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5 Valentine Singing Games
Use singing games to create a play-based environment for students to explore using their singing voices.
Individual responses assist students developing pitch matching and singing in tune with others.
Singing games encourage multiple repetitions, an important factor in skill development.
When asking for individual responses: Model the pitch for their response, but allow the student to sing their response at whatever pitch is comfortable for them. After confidence and trust is established, the teacher may ask if a child can move their voice to match a pitch. If the pitch is matched, congratulate their effort. If not, ask the class which pitch was higher and which was lower. Without any judgement, the different pitches are labeled. This teaches students to listen for differences and gives them the vocabulary they need to label what they are hearing. The student who has responded should not feel any pressure or anxiety with this process, and the game continues.
Use fun singing games as a “treat” at the end of a music class. Singing games are a fun way of reviewing concepts that have been learned, or preparing new ones that have not yet been isolated and labeled.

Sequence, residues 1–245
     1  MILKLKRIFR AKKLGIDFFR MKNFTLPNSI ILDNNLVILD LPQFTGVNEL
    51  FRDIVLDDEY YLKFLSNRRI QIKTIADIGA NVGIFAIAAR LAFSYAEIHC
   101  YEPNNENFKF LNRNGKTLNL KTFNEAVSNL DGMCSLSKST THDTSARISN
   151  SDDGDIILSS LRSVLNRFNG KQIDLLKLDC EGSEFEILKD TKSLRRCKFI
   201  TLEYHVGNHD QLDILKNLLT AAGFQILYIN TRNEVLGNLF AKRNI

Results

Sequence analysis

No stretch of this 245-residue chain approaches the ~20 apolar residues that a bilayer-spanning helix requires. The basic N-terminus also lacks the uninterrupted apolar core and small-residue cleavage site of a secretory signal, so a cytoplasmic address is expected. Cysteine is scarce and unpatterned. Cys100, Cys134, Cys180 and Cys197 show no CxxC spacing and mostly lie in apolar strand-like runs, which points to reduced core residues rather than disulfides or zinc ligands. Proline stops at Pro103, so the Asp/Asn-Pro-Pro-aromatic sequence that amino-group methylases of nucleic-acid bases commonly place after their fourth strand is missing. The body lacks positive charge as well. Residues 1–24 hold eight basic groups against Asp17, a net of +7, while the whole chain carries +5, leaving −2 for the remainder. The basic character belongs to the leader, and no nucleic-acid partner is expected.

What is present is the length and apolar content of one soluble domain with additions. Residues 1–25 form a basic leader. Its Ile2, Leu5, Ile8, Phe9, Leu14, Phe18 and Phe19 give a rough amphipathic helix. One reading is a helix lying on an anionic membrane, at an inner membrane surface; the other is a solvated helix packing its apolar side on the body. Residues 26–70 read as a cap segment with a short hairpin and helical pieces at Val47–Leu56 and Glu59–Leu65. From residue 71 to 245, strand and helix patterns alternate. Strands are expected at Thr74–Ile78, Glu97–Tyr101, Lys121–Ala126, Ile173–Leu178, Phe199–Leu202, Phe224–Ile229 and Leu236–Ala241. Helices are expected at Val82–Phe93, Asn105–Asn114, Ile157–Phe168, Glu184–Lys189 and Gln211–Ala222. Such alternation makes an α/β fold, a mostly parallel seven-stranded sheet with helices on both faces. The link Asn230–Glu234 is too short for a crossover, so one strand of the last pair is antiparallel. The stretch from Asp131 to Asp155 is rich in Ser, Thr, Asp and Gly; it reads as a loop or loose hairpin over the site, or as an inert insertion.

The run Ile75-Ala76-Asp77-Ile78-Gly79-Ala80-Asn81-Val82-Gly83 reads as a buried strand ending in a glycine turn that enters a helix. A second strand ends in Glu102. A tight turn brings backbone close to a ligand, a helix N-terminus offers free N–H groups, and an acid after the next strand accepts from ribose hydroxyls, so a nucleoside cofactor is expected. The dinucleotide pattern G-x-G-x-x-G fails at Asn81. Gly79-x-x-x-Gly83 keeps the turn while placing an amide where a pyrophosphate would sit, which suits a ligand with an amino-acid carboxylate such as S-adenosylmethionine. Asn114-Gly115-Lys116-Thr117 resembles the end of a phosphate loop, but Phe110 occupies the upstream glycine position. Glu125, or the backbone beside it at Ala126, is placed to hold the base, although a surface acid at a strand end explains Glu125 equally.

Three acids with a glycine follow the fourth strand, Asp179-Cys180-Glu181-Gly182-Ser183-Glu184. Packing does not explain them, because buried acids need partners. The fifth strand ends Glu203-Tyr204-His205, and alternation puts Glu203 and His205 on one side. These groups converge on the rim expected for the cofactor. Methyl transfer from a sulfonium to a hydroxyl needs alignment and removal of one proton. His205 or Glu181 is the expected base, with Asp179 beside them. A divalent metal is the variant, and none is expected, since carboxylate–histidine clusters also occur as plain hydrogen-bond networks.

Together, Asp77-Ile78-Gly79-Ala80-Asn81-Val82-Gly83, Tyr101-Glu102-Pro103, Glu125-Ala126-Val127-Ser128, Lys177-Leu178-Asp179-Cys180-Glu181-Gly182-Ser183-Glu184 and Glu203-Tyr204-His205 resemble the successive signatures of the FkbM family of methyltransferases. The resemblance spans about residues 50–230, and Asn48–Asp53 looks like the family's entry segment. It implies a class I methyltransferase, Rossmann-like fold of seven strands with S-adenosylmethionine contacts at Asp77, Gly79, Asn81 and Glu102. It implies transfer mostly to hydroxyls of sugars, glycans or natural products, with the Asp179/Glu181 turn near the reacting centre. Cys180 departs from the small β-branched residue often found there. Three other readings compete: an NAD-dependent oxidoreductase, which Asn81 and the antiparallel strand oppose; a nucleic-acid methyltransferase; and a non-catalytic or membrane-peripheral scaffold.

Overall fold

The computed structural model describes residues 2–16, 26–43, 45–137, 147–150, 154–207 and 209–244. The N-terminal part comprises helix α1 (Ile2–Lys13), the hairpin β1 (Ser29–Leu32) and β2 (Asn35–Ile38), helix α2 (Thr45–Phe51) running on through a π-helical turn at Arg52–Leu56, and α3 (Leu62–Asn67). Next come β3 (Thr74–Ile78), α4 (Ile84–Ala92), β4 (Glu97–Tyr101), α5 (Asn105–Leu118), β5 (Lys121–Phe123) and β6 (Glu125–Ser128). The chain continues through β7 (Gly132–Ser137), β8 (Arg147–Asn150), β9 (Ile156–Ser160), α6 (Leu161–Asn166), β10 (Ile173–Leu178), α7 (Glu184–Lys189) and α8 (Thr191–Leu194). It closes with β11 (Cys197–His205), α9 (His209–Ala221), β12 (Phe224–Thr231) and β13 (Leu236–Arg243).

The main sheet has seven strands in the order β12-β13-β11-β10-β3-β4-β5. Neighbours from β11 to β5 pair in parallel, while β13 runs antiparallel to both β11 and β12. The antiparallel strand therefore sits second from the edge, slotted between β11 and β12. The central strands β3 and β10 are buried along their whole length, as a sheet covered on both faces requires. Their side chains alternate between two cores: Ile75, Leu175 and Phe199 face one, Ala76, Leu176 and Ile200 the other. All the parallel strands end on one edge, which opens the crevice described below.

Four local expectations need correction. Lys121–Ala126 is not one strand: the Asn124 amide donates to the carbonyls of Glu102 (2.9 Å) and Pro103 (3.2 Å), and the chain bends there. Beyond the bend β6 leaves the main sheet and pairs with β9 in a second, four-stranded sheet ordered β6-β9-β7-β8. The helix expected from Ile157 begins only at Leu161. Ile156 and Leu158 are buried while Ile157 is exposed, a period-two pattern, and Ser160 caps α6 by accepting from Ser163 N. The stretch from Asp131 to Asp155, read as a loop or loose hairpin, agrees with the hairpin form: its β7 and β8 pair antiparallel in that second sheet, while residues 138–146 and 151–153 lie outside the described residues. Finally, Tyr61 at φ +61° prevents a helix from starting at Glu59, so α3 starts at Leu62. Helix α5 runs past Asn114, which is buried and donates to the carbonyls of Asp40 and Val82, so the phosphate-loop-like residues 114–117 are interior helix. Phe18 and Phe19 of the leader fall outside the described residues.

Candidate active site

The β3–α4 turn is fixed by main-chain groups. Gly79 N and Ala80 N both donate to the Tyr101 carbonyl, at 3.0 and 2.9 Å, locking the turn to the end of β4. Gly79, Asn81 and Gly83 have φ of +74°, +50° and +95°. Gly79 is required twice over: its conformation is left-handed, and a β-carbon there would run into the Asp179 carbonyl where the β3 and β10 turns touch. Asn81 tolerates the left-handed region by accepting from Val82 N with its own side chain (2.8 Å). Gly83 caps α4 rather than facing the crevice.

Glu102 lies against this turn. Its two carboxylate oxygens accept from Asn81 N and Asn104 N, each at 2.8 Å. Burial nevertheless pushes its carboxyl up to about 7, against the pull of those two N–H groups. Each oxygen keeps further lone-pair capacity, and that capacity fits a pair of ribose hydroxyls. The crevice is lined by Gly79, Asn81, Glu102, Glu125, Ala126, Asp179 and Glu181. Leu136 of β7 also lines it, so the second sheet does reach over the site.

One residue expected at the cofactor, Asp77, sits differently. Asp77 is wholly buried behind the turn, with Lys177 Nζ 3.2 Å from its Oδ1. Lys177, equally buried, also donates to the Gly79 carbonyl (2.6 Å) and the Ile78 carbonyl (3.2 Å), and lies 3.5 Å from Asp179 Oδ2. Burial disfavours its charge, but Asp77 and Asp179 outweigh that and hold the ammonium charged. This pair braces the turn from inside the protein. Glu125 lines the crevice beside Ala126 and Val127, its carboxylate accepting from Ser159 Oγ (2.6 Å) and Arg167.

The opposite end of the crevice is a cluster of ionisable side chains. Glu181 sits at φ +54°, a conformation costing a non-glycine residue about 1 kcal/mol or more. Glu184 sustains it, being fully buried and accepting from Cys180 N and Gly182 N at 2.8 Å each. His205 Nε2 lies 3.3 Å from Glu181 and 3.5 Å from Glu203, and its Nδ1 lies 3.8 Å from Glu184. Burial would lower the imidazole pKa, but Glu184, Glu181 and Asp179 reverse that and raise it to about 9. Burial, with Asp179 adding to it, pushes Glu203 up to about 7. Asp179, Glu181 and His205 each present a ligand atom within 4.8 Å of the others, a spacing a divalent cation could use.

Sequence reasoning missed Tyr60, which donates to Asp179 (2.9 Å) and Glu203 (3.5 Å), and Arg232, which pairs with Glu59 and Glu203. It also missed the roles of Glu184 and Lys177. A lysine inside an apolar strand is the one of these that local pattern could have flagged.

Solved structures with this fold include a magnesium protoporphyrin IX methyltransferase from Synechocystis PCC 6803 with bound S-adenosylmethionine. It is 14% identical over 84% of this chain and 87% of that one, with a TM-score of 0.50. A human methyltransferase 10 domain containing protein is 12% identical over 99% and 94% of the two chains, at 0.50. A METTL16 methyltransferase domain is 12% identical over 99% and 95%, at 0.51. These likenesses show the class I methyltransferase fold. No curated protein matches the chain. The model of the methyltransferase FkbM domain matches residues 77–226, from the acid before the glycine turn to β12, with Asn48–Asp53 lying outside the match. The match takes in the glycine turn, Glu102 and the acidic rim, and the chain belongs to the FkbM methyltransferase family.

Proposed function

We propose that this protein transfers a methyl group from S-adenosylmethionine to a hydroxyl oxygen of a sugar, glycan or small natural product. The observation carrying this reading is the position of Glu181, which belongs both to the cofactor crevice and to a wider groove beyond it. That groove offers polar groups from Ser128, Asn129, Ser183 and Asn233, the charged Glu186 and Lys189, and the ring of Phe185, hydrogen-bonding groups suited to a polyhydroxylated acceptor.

Donna’s childhood valentine memories include making her own valentines to give to her friends, and remembering the spicy flavour of cinnamon hearts. Donna still loves the taste of cinnamon and she loves the fact that Valentine messages and hearts can create an opportunity for her students to develop their composing skills. Donna is enthusiastic about promoting creative manipulation of music elements (composing!) with students from Kindergarten to Grade 6. Her personal composing efforts have resulted in well over 500 songs written for solo voice, choir, handbell, recorder, violin and piano.
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